And how does competition from the OEM's play into this? Well the concept is your car has to be different, and in some ways better than theirs, and you have to hand build it and customize it so the buyer is getting great value and a unique car. Duh...

So you need to pick a car. And not just any car. A car you love. Better a car that others can love. And that makes sense as an electric car. And then you start making them. With each car you make, you improve it. After 147 of them, they should start to get to be pretty good. And you should start to have a following. And you continue to refine it down to every nut, bolt, screw, battery compartment, cell heating element, etc. The components available will change for you every year. The batteries will change every year. And you have to learn to select the good stuff for YOUR car. The process doesn't actually end.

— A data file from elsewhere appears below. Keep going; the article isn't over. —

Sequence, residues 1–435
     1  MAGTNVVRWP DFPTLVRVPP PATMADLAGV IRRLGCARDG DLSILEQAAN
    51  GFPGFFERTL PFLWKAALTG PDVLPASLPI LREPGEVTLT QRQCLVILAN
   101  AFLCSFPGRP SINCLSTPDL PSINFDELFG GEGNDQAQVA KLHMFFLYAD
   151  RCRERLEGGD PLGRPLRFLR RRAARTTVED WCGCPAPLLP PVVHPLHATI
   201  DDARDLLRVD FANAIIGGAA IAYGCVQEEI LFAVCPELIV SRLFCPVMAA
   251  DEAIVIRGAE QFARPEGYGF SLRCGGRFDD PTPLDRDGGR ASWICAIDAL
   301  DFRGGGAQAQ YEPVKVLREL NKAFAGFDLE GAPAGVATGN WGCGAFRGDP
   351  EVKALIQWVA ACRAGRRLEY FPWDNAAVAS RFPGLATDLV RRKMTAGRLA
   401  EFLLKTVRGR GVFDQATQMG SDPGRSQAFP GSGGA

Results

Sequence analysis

As you do this, the efficiency will increase dramatically. The build time goes down. The component costs go down. You just get better at it as you go.

So quit doing electric cars for food. Do them on purpose. And most of all, get the lead out.

In this video there are a lot of little clues. We convert a Vantage van from lead to LiFePo4. When we do so, we go from 800 lbs of batteries and boxes to about 350 lbs offering twice the power. The result is an easy 100 mile range in a cute little van. Vantage is doing just what we advocate - specializing. But they're doing it with lead because it brings the price down. It also kills the vehicle.

This is our longest most rambling video ever. If you pay close attention, I think you'll see why. If you listen casually, you should probably skip it entirely. If you have no interest in a career in EV's, it's probably not worth the feature length film length of two hours and ten minutes. If you ARE interested in that, it's the roadmap that can't actually fail if done that way...

Jack Rickard

Friday, October 22, 2010

Journey to Bremen

Yes, I'm a little late with the Blog Post this week.